posted on August 15th, 2017

In a city obsessed with fame and glamour, it makes sense that some of the best spots are more off-the-grid. Whether you’re looking for a boutique hotel, a quirky museum, or a creepy hiking spot, dig deeper than the tour book tells you to, and you’ll be sure to find what you’re seeking.


The Petit Ermitage is a boutique hotel in West Hollywood known for an outrageous jet-setting crowd who like to get rowdy with discretion — no one boring stays here. The rooftop bar/restaurant/pool area is a haven. Their garden is even a registered butterfly and hummingbird sanctuary, and the hotel halls are lined with a museum-worthy art collection, including works by Erté and Dali. Meals at the Petit are incredible, full of local produce and organic offerings.


The Museum of Jurassic Technology in Culver City is unlike any museum you’ve been to before. While the museum calls itself “an educational institution dedicated to the advancement of knowledge and the public appreciation of the Lower Jurassic,” it’s really an extremely peculiar personal collection of miscellany and peculiarities, displayed in a meta-examination of what it means to be a museum. Be befuddled by the artifacts, then visit upstairs and have tea and cookies while surrounded by doves in the Tula Tea Room.

The Museum of Broken Relationships is another boutique museum, focusing on — you guessed it — failed love. Its exhibits include personal objects left over from former lovers, and started as a traveling collection of donated items. It was originally founded by a couple who joked about getting a museum to house all the items associated with their breakup.


Murphy Ranch in the Palisades is an alleged former Nazi commune, and is wrapped in lore around LA — most of its history is not well-documented, and is passed on through storytelling. Ghost hunters, graffiti artists, and hikers love the spot, and it’s very clear that whatever happened there was quite strange: the commune that existed there had its own livestock and water supply from springs, and many of the structures and food lockers remain to this day.


Shareen Vintage’s Shareen Mitchell can help you find anything in her downtown vintage warehouse — many of the pieces I wear constantly, I found at Shareen. Try calling ahead to see when she will be in the store, because shopping with her is an incredible experience. She knows vintage clothes better than anyone and doles out life advice as she belts your dress. The shop is impeccably organized, and because all the items are hand-picked by Shareen, the vibe is decidedly unlike the average thrift shop. The past feels truly alive here.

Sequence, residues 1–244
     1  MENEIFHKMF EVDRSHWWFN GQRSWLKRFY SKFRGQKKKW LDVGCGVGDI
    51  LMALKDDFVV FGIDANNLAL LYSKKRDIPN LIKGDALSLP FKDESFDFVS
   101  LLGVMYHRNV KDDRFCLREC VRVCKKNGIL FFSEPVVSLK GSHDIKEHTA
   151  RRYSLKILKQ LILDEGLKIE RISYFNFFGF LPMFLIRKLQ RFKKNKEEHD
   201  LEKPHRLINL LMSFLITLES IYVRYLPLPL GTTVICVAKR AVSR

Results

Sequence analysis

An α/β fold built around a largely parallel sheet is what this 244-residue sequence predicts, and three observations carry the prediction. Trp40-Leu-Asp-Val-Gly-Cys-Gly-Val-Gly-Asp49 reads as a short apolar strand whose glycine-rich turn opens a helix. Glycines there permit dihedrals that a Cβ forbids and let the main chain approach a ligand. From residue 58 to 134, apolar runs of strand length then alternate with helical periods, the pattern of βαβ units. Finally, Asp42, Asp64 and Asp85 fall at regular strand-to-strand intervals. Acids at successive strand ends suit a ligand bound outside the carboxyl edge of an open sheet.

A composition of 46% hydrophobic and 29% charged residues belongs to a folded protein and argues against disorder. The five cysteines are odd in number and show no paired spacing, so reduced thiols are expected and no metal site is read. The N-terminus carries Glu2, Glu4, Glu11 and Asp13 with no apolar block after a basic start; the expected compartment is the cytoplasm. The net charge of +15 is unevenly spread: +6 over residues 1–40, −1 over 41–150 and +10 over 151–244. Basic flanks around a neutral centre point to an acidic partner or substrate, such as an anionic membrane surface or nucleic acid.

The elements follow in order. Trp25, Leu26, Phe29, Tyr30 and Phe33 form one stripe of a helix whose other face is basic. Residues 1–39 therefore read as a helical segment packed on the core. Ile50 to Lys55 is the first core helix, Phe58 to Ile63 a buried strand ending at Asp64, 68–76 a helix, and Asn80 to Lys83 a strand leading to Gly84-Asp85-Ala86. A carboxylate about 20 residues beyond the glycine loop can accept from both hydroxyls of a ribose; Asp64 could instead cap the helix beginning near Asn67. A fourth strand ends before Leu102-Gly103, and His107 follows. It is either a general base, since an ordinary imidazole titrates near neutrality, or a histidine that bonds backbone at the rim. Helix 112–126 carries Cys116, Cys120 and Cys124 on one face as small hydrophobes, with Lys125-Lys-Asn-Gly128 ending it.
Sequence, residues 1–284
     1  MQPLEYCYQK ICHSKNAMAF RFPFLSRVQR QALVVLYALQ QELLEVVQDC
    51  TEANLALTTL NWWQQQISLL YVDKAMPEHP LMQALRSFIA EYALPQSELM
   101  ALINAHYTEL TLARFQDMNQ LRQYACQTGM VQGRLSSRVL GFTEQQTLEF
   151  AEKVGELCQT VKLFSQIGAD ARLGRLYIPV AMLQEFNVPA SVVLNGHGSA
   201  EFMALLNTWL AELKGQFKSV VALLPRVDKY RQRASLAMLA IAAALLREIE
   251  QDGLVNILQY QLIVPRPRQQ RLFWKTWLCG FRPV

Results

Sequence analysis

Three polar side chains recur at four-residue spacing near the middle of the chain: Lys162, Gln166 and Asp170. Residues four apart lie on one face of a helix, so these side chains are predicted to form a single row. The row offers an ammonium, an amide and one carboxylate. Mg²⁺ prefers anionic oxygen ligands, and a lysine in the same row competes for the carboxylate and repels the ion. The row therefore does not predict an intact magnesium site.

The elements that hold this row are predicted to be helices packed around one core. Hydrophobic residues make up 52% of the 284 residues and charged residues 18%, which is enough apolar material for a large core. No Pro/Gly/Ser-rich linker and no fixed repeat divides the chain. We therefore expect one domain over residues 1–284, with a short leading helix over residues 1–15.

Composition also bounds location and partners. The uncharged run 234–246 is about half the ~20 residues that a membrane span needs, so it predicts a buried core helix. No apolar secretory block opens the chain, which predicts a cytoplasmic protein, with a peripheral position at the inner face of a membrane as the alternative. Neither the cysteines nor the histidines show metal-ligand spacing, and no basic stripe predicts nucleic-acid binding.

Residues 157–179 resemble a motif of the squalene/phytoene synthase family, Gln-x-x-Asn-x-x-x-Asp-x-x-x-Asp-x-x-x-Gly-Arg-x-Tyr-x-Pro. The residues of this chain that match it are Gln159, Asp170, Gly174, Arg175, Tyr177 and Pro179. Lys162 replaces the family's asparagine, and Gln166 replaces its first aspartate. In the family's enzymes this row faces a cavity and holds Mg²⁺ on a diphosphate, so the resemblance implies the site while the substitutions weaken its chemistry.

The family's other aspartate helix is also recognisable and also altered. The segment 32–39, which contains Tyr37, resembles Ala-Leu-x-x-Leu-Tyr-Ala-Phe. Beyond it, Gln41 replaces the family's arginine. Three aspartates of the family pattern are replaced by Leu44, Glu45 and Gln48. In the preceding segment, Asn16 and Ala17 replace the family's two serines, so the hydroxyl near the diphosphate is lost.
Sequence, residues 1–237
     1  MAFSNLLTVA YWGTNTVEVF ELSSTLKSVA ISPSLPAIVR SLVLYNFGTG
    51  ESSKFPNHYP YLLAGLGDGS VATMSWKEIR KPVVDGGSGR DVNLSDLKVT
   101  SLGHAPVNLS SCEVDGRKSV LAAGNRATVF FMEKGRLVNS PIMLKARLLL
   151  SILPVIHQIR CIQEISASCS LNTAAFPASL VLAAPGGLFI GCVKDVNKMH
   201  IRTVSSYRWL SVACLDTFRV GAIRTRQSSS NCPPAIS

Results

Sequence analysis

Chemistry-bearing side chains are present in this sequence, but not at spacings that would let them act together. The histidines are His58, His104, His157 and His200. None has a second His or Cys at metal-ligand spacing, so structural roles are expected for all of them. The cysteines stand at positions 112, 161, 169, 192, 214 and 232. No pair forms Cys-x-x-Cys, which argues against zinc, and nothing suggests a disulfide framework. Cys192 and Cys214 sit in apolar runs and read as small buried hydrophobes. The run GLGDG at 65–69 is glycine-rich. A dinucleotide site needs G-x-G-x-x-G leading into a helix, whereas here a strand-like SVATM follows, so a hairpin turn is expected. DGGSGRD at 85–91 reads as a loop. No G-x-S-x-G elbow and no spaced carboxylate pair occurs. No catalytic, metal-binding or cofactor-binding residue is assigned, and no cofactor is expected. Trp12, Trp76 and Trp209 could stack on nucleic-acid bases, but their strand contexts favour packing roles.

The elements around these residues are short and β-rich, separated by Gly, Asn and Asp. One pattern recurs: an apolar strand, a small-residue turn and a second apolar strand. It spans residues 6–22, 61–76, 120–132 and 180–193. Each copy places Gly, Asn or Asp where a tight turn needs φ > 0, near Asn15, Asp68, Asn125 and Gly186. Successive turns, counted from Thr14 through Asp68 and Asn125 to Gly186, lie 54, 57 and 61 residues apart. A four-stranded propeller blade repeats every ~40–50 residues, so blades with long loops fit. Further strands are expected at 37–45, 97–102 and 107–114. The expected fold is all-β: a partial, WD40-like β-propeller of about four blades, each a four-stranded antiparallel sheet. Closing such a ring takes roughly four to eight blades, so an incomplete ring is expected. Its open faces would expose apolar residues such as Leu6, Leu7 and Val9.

Skeletons in the Closet, the LA Coronor’s office gift shop, is a hokey and hilarious spot to visit for anyone into dark tourism or the generally morbid. The shop sells body bags, beach towels with body outlines, and souvenir mugs out of a creepy building in Boyle Heights.

The Detox Market is a chicer option than Whole Foods for natural and nontoxic beauty products. After the owner, Valerie, was diagnosed with breast cancer, she set out to educate other women on the toxic ingredients in conventional beauty products and point them toward more wholesome alternatives.

Wild Vase is the opposite of mass-market flower delivery sites that seem to offer the same bland arrangements through all seasons. Specializing in seasonal, local, organic blooms, Atwater Village’s Wild Vase offers some of the most gorgeous all-occasion bouquets I have ever seen at remarkably affordable prices. The flowers are hand-selected daily, so you know yours will be the best offerings that day. If you have something specific in mind, be sure to ask. The owner was raised in Malibu but spent summers in Britain, so you can expect your order to combine laid-back California style with the lushness of English gardens.


Shojin might be the best vegan ramen and Japanese food on the west coast, but without seeking it out, you might never find it — it’s hidden on the second floor of the Little Tokyo mall. Their organic ramens feature many gluten free and macrobiotic options, and the servers always have great sake pairing recommendations. The apricot kale salad is a particularly divine starter, and if you love garlic and some spice, the Ramen Revolution is my personal favorite entrée.

There are many Urth Caffe locations in Los Angeles (Melrose, Beverly Hills, Santa Monica, Downtown, Pasadena), so you’re likely to have one near whatever part of the city you’re in — and it’s a great alternative to Starbucks. If you’re looking for a quick-but-healthy bite to eat between activities, Urth is a quality choice, offering sandwiches, pastries, and amazing organic coffee drinks.

The Alcove has one of the best happy hours on the east side, and plenty of health-conscious sandwich and soup options. It’s a great casual spot when you would like to sit and spend some time chatting with friends. The café and the bar are housed in neighboring historic bungalows, and the best place to eat is on their lovely patio. Be sure to try their very own Alcove chocolate!

Plant Food and Wine offers incredible locally-sourced vegetarian and vegan fare, plus natural wines. The Abbot Kinney hot-spot was opened by leading plant-based chef Matthew Kenney a couple years ago, and has been a choice location for a nicer meal —the zucchini lasagna and avocado and radish toast are life-changing. I highly recommend sitting outside under the fig trees.

Mignon is a French bistro with the coziest and most charming interior in all of Los Angeles. They are always serving interesting French wines. Plan for a wine flight and small plates to share — the baked eggs with leeks and cream are absolutely heavenly.

Emily Wells is a Los Angeles-based writer and editor. She is always on the hunt for a great bookstore, art gallery, or spontaneous California adventure.